5 Books I enjoyed Reading in 2023

I've read over a dozen books in 2023. Here are 5 favorites that influenced me the most.

Why books? They are efficient in inner dialogue focused on a single topic. Reading 1-2 hours in a row helps me train my neural network to focus on long-term, in-depth content. As a result, this makes learning new skills more effortless, as focused brain is more effective.

What got my attention?

1. AI 2041

This collection of 10 fiction stories from various AI areas and authors. From raising orphan children by a personality-tuned AI avatar over job reallocation service as part of the government to hacking religious predestination to allow oneself to fall in love. I read this in the first month of this year, and it widened my view on AI possibilities and risks.

Not only deep fakes, generative AI, and AGI, but also part of religion, spouse selection, and maternal love. Can AI provide a better childhood of love than parents who are gone? In these stories, authors imagine the year 2041 and what will be seen as "normal". This book widened my range of imagination beyond my internet and real-life bubble.

2. The Complete Book of Five Rings - by Miyamoto Musashi

This is the most random book that reached me through a miracle of the universe. I'm not sure anymore, but I think someone mentioned Miyamoto Musashi quotes in Lex Fridman podcast.

Miyamoto Musashi (1584-1645) was an expert Japanese swordsman and rōnin known for his undefeated record in 60 duels. In his final years, he authored The Book of Five Rings, a book on strategy, tactics, and philosophy that is still practical nowadays.

I tried to connect 400 years of knowledge with today's world - how I approach fruits of love, strive for "success", fall into greediness, and how stuff I own takes my energy. Also, how to refocus on what matters - the others, the present moment, and serving a purpose. If you enjoy Zen, Buddhism, or the meaning of life, you'll enjoy this timeless book.

"Do not collect weapons or practice with weapons
beyond what is useful."

3. Ego is the Enemy - by Ryan Holiday

While writing this post, I realized this book has a similar message as the previous one. It's about focusing on what matters over what impresses other people around you—doing the right thing over doing the popular thing and doing what's essential for your future over what pleases you now.

"Most successful people are people you've never heard of.
They want it that way. It keeps them sober. It helps them do their jobs."

This book shares a few stories that I could personally relate to. I felt great that I was heading in the right direction until I realized it was the ego trip path, and I could revise my directions. This book reminded me of this book. I've realized it's better to work on meaningful projects rather than well-paid projects.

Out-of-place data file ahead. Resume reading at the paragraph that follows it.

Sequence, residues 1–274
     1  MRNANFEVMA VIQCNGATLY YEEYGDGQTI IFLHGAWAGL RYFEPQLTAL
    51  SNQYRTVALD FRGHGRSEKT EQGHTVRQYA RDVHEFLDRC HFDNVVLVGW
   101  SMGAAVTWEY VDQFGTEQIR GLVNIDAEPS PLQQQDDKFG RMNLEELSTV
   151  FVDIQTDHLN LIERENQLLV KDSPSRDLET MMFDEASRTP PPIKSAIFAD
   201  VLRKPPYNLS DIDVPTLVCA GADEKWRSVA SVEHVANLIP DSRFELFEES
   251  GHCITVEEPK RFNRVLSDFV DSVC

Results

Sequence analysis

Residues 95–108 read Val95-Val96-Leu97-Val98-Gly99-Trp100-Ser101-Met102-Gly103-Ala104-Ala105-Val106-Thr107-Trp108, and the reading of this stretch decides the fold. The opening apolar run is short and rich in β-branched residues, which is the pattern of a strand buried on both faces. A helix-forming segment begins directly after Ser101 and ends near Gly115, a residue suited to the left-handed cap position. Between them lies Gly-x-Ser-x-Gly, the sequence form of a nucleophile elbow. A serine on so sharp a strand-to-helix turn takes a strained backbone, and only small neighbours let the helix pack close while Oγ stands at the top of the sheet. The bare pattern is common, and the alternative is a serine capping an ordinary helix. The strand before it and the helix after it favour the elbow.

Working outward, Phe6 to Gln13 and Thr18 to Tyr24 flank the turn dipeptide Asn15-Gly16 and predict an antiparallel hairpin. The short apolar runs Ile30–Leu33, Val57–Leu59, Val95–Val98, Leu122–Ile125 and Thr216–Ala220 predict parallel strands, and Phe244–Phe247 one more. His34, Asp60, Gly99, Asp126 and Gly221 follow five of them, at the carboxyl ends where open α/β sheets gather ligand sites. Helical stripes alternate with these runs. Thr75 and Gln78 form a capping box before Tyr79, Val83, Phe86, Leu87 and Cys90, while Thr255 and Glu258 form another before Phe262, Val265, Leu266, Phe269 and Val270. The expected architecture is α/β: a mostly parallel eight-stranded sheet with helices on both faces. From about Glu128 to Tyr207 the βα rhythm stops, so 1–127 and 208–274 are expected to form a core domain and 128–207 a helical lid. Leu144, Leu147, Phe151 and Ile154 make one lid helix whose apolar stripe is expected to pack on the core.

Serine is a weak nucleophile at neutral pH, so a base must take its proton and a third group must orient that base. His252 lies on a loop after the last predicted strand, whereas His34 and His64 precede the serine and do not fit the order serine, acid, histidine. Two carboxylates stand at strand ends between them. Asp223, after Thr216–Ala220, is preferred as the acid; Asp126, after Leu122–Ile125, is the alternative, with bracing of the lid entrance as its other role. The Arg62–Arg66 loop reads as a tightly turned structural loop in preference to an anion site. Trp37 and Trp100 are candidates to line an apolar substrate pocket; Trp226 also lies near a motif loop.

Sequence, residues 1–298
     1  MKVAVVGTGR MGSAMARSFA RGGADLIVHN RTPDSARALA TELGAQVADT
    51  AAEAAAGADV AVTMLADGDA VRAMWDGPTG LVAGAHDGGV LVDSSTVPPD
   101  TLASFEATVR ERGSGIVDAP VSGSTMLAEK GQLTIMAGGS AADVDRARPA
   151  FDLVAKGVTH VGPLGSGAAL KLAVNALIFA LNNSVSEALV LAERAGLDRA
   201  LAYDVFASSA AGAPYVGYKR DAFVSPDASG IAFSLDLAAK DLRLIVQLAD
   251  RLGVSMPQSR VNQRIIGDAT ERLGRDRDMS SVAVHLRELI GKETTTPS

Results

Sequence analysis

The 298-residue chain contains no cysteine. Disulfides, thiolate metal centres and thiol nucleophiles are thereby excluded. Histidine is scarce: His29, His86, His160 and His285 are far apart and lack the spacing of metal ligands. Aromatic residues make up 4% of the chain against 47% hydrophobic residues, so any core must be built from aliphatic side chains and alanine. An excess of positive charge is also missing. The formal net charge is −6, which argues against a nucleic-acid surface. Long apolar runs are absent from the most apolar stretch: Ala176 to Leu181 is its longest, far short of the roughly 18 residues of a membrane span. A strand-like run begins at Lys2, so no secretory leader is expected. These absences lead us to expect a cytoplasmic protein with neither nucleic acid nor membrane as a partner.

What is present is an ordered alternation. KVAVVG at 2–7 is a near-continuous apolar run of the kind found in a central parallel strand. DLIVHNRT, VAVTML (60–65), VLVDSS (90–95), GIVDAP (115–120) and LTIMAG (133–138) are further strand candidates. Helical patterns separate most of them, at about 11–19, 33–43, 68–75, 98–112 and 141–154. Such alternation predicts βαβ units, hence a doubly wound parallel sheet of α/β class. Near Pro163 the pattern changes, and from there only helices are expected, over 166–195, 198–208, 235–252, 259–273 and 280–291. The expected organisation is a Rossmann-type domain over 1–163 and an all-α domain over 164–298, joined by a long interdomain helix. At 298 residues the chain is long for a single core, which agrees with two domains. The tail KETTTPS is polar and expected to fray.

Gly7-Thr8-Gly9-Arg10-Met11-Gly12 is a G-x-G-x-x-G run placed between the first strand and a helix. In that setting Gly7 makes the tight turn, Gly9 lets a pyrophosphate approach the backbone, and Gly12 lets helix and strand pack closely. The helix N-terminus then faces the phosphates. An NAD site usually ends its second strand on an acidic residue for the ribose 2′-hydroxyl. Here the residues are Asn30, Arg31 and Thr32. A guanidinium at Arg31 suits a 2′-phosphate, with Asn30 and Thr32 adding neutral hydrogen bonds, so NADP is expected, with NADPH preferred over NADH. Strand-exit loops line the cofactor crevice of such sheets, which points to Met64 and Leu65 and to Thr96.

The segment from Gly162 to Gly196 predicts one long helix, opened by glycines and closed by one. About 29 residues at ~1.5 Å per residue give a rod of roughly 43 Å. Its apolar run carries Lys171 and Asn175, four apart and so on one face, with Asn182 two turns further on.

4. Elon Musk - by Walter Isaacson

I've enjoyed this book so much. Walter keeps his high standard of great investigative stories I know from Innovators. The third of this book is about childhood challenges with the leading role of an abusive father, the other third is about coaching and mentoring people around, and the last third is another point of view on what we know from the media. As Lex often states, childhood trauma makes great leaders.

Looking for an effective solution is a matter of will, focus, and emotional challenges: what you believe in what is possible, and what matters. It's state-of-the-art coaching. What is our goal, how can we get there as fast as possible, and how can we make it cheap and easy to replicate in the future?

Nevertheless, it's a fantastic journey, and I'm eager to see what Elon is bringing to the world table next year.

5. Clear Thinking - by Shane Parrish

If I would have to pick only one book to read in 2023, it would be this one. I've just noted it was published only in October 2023.

I looked forward to each new chapter, diving into inner deep dialog with the author about what decisions are two doors (reversible) and one door (irreversible). We react to events without reasoning, not even realizing that we've missed an opportunity to think at all. At our best, we recognize these moments for what they are and apply the total capacity of our reasoning and rationality to them.

That's all for this year, and I'll see you in 2024.

Happy reading!

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